ICDP consumer research shows that while most car buyers use online technology for at least some part of the buyer journey, the majority of car buyers still want to conduct at least some of their purchase journey in a dealership, with only around 5% that want to buy purely online. Through an investment from manufacturers and dealers, they can cater to this increasing demand of flexible channel choices through a so-called omnichannel buying journey. It allows for close integration of online and physical channels, which the customer can switch back and forth in a seamless way.

Contrary to widely held views, ICDP consumer research also reveals that today’s buyers are more likely to travel further than 30 minutes to visit dealers and spend more time visiting more dealers than five years ago. Young believes this to be due to the wealth of information available online across multiple sources, which gives the customer greater confidence in their dealer visit and equips them with the specific questions they need answers to.

Young believes that while the more significant number of buyers willing to travel further to visit dealers will be helpful as dealer networks consolidate numbers in future, aftersales customers might be less inclined, as many still choose convenience as a key deciding factor in the choice of repairer.

Young added: “Manufacturers that were reluctant to cut back networks significantly because they feared losing market share are starting to get the message from our research that cutting typical networks by up to half would only increase average drive times for buyers by a few minutes. This will see a much more significant reduction in sales networks in the coming years.

“However, a reduction in sales points cannot be reflected in the same reduction in the number of service points. We will need more variety in dealer formats, smaller and less highly specified facilities, and more flexibility from the manufacturer, such as multi-brand locations such as those that we are seeing with Stellantis’ restructuring plans and their ‘Stellantis Houses.’ All of this will release cost from dealer networks to reinvest in digital and improve financial returns.”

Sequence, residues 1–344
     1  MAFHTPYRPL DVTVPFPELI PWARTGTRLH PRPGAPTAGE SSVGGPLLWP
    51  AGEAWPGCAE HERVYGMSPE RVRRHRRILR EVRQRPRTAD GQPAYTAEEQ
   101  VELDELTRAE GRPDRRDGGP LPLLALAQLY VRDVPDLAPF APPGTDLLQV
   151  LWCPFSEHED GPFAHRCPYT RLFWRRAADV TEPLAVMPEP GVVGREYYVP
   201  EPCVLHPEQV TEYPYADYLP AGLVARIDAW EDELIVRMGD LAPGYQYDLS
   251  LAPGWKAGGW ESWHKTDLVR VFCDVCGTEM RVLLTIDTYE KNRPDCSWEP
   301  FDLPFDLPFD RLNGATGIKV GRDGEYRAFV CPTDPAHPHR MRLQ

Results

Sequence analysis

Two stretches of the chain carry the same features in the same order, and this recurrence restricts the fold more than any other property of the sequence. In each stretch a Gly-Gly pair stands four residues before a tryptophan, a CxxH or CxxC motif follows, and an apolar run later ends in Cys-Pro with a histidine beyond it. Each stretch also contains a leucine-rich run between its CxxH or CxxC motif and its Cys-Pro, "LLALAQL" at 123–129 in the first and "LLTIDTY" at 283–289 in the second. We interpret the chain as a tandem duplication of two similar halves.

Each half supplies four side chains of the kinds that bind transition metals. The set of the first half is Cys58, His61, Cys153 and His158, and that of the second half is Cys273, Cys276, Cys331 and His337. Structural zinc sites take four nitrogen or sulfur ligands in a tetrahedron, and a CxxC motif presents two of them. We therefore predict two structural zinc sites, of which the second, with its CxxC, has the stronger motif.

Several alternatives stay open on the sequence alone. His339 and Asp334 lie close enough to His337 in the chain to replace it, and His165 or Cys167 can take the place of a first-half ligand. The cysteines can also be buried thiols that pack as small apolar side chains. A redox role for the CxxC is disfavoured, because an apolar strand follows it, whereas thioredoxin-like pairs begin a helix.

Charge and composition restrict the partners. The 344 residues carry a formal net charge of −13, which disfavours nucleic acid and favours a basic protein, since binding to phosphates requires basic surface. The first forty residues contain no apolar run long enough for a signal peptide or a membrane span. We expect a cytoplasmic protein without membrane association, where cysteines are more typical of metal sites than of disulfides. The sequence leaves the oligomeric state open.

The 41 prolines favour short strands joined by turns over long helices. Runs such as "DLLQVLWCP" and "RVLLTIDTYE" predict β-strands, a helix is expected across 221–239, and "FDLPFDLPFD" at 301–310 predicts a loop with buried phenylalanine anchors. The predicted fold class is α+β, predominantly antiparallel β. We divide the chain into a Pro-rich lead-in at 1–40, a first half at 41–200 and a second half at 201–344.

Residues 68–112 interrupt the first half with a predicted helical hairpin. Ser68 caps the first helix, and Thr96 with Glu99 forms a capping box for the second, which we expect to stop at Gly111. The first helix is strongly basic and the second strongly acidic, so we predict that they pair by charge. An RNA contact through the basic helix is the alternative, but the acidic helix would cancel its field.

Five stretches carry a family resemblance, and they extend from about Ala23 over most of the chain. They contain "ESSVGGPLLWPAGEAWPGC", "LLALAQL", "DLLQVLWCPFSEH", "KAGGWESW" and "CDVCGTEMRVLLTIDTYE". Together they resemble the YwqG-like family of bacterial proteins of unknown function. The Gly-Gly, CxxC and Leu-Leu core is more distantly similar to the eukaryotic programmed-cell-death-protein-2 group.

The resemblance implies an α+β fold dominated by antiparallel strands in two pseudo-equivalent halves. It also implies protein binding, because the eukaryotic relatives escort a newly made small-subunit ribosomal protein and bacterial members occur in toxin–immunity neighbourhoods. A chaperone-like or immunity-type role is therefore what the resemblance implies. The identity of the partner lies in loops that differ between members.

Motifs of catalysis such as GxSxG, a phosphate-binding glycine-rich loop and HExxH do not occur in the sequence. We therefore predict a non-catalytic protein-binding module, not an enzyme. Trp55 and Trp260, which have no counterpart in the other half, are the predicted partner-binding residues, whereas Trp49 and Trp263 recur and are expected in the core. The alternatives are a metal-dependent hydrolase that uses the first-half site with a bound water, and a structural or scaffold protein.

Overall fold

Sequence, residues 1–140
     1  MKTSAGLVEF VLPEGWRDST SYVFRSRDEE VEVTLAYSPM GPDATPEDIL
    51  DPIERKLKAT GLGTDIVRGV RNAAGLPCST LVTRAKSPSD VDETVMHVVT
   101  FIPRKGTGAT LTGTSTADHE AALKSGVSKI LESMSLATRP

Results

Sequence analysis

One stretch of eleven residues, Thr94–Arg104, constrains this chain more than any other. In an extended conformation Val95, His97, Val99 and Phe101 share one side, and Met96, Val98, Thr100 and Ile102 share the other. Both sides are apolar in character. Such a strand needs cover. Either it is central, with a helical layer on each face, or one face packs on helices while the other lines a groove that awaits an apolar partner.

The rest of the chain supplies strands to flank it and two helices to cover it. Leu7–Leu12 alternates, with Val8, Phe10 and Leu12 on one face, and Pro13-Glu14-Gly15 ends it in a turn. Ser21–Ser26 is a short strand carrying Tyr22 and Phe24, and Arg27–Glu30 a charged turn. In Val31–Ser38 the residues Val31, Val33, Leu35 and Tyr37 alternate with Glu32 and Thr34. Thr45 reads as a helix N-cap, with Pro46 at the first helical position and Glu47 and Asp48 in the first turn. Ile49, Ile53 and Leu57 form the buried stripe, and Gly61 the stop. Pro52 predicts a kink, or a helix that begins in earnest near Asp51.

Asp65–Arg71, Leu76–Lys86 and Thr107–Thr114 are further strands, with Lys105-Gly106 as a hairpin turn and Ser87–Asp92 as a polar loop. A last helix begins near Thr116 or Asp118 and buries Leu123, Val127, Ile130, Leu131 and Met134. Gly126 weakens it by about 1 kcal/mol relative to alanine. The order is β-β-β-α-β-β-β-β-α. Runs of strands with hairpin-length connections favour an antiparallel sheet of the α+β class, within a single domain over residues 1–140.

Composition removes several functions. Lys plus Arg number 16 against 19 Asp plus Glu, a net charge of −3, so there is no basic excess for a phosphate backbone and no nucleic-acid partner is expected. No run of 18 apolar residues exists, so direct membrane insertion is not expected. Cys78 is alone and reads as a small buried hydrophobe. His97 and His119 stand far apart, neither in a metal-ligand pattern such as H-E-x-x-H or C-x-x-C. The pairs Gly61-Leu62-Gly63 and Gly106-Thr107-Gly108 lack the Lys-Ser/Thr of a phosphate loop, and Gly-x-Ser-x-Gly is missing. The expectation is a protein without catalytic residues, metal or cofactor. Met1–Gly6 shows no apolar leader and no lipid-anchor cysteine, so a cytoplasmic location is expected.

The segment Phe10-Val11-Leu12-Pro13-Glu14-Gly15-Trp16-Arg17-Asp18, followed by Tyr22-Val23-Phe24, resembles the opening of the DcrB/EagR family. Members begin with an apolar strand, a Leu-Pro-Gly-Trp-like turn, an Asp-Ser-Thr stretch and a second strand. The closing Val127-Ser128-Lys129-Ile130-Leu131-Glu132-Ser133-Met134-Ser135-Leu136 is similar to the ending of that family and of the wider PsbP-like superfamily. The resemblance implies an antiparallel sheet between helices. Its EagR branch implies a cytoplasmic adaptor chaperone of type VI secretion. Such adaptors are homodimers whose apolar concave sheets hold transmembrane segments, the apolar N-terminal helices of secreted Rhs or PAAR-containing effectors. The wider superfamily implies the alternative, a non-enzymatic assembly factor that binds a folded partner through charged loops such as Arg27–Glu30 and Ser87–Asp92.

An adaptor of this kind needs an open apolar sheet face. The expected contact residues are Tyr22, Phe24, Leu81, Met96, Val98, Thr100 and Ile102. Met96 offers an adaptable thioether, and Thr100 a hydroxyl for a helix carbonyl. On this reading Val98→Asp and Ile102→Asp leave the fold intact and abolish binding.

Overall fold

Philip Nothard, Insight and Strategy Director at Cox Automotive, understands the challenges ahead for the industry and is ready to support dealers in preparation for the significant changes.

Nothard said: “I agree with Steve Young that while there are challenges ahead, there are rewards for those who respond best. While the dealer network has traditionally operated under a franchise agreement, Tesla and other newcomers challenged this with a direct, manufacturer-owned sales model. Now we have agency models where the dealer represents the brand in the market, under the direct control of the manufacturer who owns the stock, taking on the brand-related risk and setting pricing. The omnichannel journey eases because of consistent prices across all channels and dealers. It also shifts the volume and stock risk from the dealer to the manufacturer, acting as a retailer.

“While Mercedes and Stellantis will adopt this route, manufacturers that choose not to will still have to modify their franchise networks to compete in an omnichannel world. This results in less stock push, more centralisation, pooling of inventory and a restructured margin and bonus system that can incentivise the desired behaviours.”
We reveal the answers to these questions and much more in the new issue of AutoFocus.

Read more here.